Consistent with a role for ecdysone as a critical signal for leg morphogenesis, mutations in ecdysone-induced regulatory genes can also lead to a malformed leg phenotype. These genes include the Broad-Complex (BR-C; Kisset al. 1988), E74 (Fletcheret al. 1995), βFTZ-F1 (Broaduset al. 1999), and crooked legs (crol; D’Avino and Thummel 1998), all of which encode families of related transcription factors. These genes are thought to coordinate the expression of downstream secondary-response genes that mediate the cell shape changes associated with leg elongation. The BR-C consists of three genetically separable functions. One of these, the broad function, is essential for leg disc elongation as the leg imaginal discs fail to elongate in strong loss-of-function broad mutants (Kisset al. 1988). In addition, the BR-C has proven to be a valuable tool for the identification of other genes that function during this process. Screens for mutations that dominantly enhance a weak hypomorphic broad allele, broad1, led to the identification of zip and Sb (Beatonet al. 1988; Gotwals and Fristrom 1991). Sb expression is also induced by ecdysone (Appelet al. 1993). This suggests that ecdysone triggers leg disc elongation by inducing the expression of both structural and regulatory genes that direct this response.
crol mutations were identified in a small scale screen of lethal P-element insertion lines that were examined for their ability to meet a series of criteria, including a prepupal or pupal lethal phase, a malformed leg mutant phenotype, and defects in ecdysone-regulated gene transcription (D’Avino and Thummel 1998). The success of this screen prompted us to expand our search to allow the identification of structural as well as regulatory genes. To achieve this goal, we screened a collection of lethal P-element lacZ enhancer trap lines for a series of phenotypes, including a prepupal and/or pupal lethal phase, a malformed leg mutant phenotype, and lacZ reporter gene expression consistent with regulation by ecdysone. Using this approach, we identified mutations in four genes that function during leg elongation. Among these genes are bancal, which encodes the Drosophila homologue of heterogeneous nuclear ribonucleoprotein K (hnRNP K), and vulcan, which encodes a protein related to SAP-90/PSD-95 associated proteins (SAPAPs).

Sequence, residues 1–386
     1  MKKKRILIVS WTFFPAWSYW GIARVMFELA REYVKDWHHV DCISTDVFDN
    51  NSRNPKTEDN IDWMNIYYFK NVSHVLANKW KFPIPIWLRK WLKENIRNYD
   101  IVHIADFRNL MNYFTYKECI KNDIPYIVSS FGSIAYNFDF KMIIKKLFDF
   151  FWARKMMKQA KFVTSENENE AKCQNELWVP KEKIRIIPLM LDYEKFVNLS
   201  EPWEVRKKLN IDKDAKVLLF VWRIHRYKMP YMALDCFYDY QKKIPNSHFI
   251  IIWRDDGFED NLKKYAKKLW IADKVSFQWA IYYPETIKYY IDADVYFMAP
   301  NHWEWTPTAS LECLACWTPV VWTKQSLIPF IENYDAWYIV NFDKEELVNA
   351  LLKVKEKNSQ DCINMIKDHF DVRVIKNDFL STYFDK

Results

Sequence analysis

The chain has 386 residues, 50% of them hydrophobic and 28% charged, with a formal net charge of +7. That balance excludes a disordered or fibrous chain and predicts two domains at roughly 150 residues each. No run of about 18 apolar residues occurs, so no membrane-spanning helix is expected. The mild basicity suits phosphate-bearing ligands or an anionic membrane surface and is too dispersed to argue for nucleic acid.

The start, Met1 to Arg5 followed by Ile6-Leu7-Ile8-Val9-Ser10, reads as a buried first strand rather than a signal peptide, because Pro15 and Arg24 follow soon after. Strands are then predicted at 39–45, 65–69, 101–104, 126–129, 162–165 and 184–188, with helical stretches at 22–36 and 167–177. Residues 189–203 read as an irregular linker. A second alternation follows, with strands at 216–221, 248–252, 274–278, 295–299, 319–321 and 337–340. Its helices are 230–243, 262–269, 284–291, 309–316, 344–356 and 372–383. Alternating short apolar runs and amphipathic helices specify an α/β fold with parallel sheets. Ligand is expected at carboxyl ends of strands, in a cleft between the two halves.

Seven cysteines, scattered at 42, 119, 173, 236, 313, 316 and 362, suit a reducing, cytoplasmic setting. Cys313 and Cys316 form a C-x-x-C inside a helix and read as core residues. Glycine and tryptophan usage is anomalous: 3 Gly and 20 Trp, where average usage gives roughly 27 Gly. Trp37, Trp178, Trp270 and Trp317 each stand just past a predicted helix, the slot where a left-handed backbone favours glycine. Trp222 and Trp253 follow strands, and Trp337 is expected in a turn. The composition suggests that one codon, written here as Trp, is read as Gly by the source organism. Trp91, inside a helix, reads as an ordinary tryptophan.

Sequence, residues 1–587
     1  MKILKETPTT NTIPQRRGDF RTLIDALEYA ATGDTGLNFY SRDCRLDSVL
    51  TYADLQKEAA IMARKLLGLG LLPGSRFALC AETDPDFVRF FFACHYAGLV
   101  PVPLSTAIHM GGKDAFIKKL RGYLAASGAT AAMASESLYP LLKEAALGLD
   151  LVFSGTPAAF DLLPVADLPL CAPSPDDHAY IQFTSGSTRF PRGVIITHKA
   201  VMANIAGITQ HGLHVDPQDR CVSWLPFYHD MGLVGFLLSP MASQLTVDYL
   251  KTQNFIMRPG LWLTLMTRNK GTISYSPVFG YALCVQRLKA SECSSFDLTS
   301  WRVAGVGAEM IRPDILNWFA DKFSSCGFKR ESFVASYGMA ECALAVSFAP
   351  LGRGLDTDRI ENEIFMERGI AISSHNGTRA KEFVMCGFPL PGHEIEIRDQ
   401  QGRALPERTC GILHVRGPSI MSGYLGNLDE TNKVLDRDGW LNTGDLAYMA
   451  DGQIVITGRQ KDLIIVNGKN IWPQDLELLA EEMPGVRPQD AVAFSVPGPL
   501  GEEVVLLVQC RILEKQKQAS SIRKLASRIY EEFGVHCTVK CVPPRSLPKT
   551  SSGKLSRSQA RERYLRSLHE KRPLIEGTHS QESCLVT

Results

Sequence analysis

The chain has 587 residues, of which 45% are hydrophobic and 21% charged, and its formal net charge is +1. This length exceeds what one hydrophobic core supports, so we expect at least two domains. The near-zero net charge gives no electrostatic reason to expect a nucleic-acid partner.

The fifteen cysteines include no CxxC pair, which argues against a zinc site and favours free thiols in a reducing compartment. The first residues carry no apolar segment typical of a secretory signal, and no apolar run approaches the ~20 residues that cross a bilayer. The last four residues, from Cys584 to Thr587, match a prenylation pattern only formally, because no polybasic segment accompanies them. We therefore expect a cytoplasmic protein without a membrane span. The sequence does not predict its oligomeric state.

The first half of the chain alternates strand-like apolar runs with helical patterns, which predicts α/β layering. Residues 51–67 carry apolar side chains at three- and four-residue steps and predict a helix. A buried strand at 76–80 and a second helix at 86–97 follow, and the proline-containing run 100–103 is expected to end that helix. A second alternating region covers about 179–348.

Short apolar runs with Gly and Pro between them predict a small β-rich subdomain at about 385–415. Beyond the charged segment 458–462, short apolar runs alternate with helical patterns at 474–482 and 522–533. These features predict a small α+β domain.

MATERIALS AND METHODS
Fly stocks: The second chromosome lethal P-element insertion lines used in our screen were kindly provided by the Berkeley Drosophila Genome Project (BDGP) and are available either through the Bloomington Stock Center or the BDGP (Spradling et al. 1995, 1999). l(2)05271 and l(2)07022 were generated from the mutagenesis described by Karpen and Spradling (1992) while l(2)k08305 and l(2)k10209 were generated by Torok et al. (1993). Df(2R)M41A4 was obtained from the Bloomington Stock Center. bancalv5 was provided by S. Kerridge and dlg alleles were provided by P. Bryant.
Phenotypic characterization: Each P-element insertion was balanced over a CyO y+ chromosome in a y w background. Animals homozygous for the P-element insertion were identified by the yellow phenotype of their mouth hooks and dentical belts. For all experiments, y w animals were used as the control. When necessary, animals were maintained on food containing 0.1% bromophenol blue and third instar larvae were staged as described (Andres and Thummel 1994).